Brooklyn: A Personal Memoir: With the Lost Photographs of David Attie

Truman Capote (Author) Eli Attie (Afterword by)
& 2 more
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Description

In 2001, Truman Capote's stylish homage to Brooklyn was brought back into print, but not until 2014-- more than fifty years after they were taken--were the original photographs commissioned to illustrate the essay discovered by the late photographer's son. Also found among the negatives were previously unknown portraits of Capote; none of the photos had ever been published.

Now, with the publication of Brooklyn: A Personal Memoir, with the lost photographs of David Attie, the words and images are united for the first time.

With an introduction by George Plimpton and afterword by Eli Attie.

Product Details

Price
$29.95  $26.96
Publisher
Little Bookroom
Publish Date
November 03, 2015
Pages
112
Dimensions
8.6 X 0.6 X 8.5 inches | 1.3 pounds
Language
English
Type
Hardcover
EAN/UPC
9781936941117
BISAC Categories:

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About the Author

Truman Capote (1924-1984), the novelist, journalist, and celebrated man-about-town, is best known as the author of Other Voices, Other Rooms; The Grass Harp; Breakfast at Tiffany's; and In Cold Blood.

David Attie (1920-1982), a commercial and fine art photographer, began his photographic career as a student of influential Harper's Bazaar art director Alexey Brodovitch, who gave Attie his first professional assignment: to create a series of photo montages to illustrate Capote's Breakfast at Tiffany's. Attie's work appeared in Vogue, Time, Newsweek, and Harper's Bazaar, among other publications. He produced two books of photographs, Russian Self-Portraits, and (together with Chuck Close, Robert Mapplethorpe, and others), Portrait: Theory.

George Plimpton (1927-2003), the originator of "participatory journalism," was the editor of The Paris Review. His books include Paper Lion, Out of My League, The Bogey Man, Open Net, The Curious Case of Sidd Finch, and The X Factor.

Eli Attie is a television writer and producer. He served as a special assistant to President Bill Clinton, and then as Vice President Al Gore's chief speechwriter. Attie was a longtime writer on the series The West Wing and House. He grew up in New York City, is a graduate of Hunter College, and lives in Los Angeles.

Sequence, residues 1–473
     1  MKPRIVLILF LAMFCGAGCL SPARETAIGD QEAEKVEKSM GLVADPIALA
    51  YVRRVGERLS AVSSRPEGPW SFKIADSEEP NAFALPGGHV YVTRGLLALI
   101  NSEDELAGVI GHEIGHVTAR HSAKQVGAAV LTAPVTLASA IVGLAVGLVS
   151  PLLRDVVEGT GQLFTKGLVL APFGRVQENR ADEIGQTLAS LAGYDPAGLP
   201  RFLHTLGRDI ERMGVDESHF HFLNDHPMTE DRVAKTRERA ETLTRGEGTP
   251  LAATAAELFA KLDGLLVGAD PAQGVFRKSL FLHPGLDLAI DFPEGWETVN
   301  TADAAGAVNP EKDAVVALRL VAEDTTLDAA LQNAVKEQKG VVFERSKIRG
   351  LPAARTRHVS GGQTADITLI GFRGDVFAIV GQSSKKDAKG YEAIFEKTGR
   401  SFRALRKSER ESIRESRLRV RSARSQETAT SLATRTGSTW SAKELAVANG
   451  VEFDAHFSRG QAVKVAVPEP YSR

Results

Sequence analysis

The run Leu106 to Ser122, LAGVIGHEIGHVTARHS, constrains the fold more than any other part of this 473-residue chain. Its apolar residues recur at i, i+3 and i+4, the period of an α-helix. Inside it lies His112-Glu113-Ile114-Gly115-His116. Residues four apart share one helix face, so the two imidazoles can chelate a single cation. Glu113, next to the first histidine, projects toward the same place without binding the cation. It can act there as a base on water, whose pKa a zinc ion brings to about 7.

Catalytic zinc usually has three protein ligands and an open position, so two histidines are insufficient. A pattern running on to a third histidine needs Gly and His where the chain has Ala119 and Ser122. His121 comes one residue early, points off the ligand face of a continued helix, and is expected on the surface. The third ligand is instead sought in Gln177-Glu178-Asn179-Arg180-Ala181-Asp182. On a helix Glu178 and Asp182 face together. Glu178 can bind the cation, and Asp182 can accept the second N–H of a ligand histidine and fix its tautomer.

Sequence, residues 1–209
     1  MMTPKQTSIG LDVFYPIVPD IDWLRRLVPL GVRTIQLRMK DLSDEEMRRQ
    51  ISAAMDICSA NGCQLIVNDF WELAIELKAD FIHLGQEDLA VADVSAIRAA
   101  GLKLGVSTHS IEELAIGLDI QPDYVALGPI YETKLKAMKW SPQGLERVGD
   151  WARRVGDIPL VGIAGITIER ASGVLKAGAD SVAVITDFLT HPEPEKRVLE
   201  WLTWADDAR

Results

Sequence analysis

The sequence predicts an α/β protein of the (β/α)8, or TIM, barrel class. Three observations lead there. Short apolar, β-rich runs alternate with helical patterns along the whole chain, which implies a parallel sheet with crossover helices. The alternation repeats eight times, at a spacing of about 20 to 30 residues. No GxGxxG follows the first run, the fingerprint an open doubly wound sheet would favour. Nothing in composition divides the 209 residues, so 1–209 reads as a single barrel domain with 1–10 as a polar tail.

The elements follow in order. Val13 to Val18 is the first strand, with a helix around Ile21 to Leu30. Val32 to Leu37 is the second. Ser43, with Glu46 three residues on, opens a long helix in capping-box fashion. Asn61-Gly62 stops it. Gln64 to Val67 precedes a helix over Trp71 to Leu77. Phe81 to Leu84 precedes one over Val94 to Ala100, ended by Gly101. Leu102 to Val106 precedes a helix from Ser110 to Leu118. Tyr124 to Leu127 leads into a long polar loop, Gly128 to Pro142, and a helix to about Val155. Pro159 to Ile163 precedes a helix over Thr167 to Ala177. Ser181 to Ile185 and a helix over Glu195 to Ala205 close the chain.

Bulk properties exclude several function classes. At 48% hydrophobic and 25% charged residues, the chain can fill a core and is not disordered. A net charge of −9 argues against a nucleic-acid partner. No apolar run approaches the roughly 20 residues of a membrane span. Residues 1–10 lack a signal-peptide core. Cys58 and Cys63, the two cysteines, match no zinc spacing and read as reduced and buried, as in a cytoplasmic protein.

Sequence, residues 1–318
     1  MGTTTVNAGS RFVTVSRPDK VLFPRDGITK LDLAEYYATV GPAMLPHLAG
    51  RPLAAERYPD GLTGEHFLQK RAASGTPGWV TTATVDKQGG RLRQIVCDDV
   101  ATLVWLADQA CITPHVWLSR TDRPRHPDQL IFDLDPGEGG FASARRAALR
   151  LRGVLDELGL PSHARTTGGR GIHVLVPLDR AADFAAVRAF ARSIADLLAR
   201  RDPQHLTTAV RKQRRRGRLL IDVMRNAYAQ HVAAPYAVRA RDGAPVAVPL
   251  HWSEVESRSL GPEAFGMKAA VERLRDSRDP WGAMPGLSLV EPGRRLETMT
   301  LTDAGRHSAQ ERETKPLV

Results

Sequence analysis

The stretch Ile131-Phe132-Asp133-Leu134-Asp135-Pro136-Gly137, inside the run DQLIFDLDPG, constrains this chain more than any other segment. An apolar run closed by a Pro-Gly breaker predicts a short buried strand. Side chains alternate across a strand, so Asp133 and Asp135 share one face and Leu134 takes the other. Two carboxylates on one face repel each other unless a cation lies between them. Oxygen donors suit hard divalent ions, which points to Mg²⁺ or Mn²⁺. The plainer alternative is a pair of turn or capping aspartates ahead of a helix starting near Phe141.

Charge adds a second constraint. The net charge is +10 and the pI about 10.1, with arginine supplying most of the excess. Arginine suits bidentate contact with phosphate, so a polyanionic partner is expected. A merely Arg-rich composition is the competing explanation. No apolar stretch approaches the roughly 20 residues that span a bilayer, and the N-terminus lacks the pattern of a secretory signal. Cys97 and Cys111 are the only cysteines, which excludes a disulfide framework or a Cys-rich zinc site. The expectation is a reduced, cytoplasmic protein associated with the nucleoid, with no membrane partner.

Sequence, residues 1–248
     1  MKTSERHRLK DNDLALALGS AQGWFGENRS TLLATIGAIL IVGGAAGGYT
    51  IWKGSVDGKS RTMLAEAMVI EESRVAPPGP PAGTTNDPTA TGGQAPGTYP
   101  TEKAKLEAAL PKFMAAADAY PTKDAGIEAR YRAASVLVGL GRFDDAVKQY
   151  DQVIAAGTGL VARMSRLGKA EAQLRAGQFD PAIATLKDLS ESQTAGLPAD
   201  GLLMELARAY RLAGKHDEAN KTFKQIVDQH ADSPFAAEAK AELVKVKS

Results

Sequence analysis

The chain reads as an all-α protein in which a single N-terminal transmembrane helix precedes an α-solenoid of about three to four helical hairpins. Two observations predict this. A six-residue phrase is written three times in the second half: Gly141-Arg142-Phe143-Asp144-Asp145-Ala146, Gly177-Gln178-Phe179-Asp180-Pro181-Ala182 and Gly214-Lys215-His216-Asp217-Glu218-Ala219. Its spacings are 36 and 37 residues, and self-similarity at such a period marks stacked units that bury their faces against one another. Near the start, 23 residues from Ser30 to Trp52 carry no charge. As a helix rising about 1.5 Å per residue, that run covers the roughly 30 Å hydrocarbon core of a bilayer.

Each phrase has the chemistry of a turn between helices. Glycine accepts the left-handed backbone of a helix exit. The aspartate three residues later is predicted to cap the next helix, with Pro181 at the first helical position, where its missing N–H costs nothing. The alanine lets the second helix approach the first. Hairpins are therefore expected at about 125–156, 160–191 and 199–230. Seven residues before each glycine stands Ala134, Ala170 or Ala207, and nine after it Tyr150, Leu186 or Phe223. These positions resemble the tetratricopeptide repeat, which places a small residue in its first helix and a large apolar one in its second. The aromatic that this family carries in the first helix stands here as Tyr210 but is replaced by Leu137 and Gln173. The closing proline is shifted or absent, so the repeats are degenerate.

Reviews

"This marriage of Capote's glimmering words with Attie's harmonizing photographs is perfected by the younger Attie's narrative, in this unparalleled addition to the Capote canon." --Shelf Awareness

"When it comes to illustrated works, one relatively slim volume stands out. Bridging the gap between essay collections and glossy coffee table tomes is Brooklyn: A Personal Memoir...A real gem of a find." --One of the 8 best books in art, Christmas 2015, The Independent (UK)

"Now, no matter where you live, you can get back to Capote's Brooklyn with its eccentric rich old ladies, multi-ethnic sailors, also home to drunks, dead horses in the street, 'brats' that rollerskated and juvenile delinquent gangs because of a marvelous stash of photos of Capote and his Brooklyn world discovered by the son of the photographer David Attie which has been published along with the original essay he was commissioned to write about his 'hood for Holiday Magazine in 1959, in Brooklyn: A Personal Memoir by Truman Capote." --Patricia Zohn, The Huffington Post
"Capote's meandering thinking and gorgeous prose preserve the waterfront architecture and eccentric locals he had come to love while his contemporaries praised Manhattan. The photos amp up the nostalgic beauty...The Brooklyn celebrated here is definitively, as the title promises, Capote's personal Brooklyn, and it might seem a far cry from other documentations of the borough in the 1950s. For fans of the writer or devotees of New York history, the celebration of this place, where, 'in the greenless grime-gray, oases do occur, splendid contradictions, ' will be a valuable memento." --Publishers Weekly

"The long-lost photos...bring even more life to Capote's sparkling description of the history and spirit of the neighborhood, with its eccentric characters, back alleys and fine houses ('as elegant and other-era as formal calling cards')."
--The New York Times, "Travel"